CME faces competition questions from DOJ

It urged the Treasury to review the futures clearing markets. If acted upon, a review would undoubtedly impede the CME Group’s recent $11.3 billion bid for the New York Mercantile Exchange (Nymex).

"If exchanges did not control clearing, an appropriately regulated clearing house could treat contracts with identical terms from different exchanges as interchangeable, that is, fungible. The incentives of such a clearing house would be to maximise its own profits,” wrote the DOJ.

"In a world of fungible financial futures contracts, multiple exchanges could simultaneously attract liquidity in the same or similar futures contract, facilitating sustained head-to-head competition," it continued.

The regulator pointed to the equity exchanges where there is heated competition for liquidity. It attributed this characteristic to the fact that these exchanges do not control open interest, fungiblity, or margin offsets in the clearing process.

The DOJ also used the example of the 10-year Treasury note, of which it estimates the CME has “a market share of essentially 100%”. There are analogous contracts listed on the New York-based NYSE Euronext-owned London International Financial Futures Exchange (Liffe), Frankfurt-based Eurex, and New Jersey-based Icap-owned BrokerTec. However, the CME’s clearing house has higher margin requirements for these contracts.

Chairman emeritus of the CME Leo Melamed defended its pricing, arguing that it is not as much based on the product itself, but more on how much activity a customer does with the exchange, which provides insight and transparency into a customer’s offsetting positions.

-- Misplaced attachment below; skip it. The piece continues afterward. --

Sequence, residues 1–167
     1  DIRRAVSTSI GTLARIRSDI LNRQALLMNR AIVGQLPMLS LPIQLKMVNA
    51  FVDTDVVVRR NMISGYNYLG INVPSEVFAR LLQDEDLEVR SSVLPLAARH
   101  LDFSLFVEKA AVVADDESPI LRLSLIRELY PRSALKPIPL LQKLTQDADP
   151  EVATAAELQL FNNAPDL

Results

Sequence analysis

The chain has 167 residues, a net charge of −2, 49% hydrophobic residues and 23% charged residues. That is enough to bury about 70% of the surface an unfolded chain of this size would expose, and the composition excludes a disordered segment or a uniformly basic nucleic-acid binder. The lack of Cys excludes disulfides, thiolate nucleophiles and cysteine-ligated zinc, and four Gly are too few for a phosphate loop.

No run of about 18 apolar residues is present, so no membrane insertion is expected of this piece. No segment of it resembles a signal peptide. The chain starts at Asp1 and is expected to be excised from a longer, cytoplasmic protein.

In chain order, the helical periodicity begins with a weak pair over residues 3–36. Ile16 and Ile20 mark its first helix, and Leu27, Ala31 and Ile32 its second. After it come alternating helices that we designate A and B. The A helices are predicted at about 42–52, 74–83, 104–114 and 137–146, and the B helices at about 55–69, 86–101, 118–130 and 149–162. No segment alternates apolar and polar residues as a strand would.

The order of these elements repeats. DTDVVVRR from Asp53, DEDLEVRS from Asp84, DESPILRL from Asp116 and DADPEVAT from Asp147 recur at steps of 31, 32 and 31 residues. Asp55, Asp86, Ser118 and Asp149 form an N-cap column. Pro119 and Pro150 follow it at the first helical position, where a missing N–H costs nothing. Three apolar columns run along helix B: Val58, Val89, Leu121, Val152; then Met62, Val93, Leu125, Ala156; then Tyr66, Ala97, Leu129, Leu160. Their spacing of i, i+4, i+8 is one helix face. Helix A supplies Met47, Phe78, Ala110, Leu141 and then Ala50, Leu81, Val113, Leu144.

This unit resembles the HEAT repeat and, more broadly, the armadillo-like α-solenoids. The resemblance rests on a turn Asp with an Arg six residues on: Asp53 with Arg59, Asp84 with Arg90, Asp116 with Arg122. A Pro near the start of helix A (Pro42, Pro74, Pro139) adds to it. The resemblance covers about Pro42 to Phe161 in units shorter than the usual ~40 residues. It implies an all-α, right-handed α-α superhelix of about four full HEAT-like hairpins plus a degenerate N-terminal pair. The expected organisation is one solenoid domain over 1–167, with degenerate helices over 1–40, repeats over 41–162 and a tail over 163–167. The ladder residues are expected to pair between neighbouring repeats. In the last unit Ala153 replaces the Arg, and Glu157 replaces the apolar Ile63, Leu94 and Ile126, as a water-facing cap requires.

"Our capital charge is based on a portfolio monitoring, so that we know what other positions this customer has that offset that. It’s a balanced approach to know how much capital a customer needs. It would ludicrous to say that we can’t do that, but you can’t have it both ways,” said Melamed.

"The [DOJ] comment was not on target with the discussions that were being held under the auspices of the Treasury, which had nothing to do with the structure of our markets. This was an unsolicited comment with unclear motivations,” he added.

The impetus might have come from the European Commission's Code of Conduct for Clearing and Settlement, which will lead to the opening of all vertical-integrated cross-border equity clearing houses to other electronic trading platforms, after pricing and technical capabilities systems are analysed. The equity clearing houses are expected to be opened by the end of 2008.

"Technically this should apply to futures, but it didn’t strike the European Commission as pressing because the Commission is focused on the individual investor and not institutional investors. Futures are mainly used by institutional investors in the EU,” said a Brussels-based source.

See also: CME Group in talks to buy Nymex 
Donohue: further exchange consolidation ahead
A two-front war  
CME seals deal with CBOT

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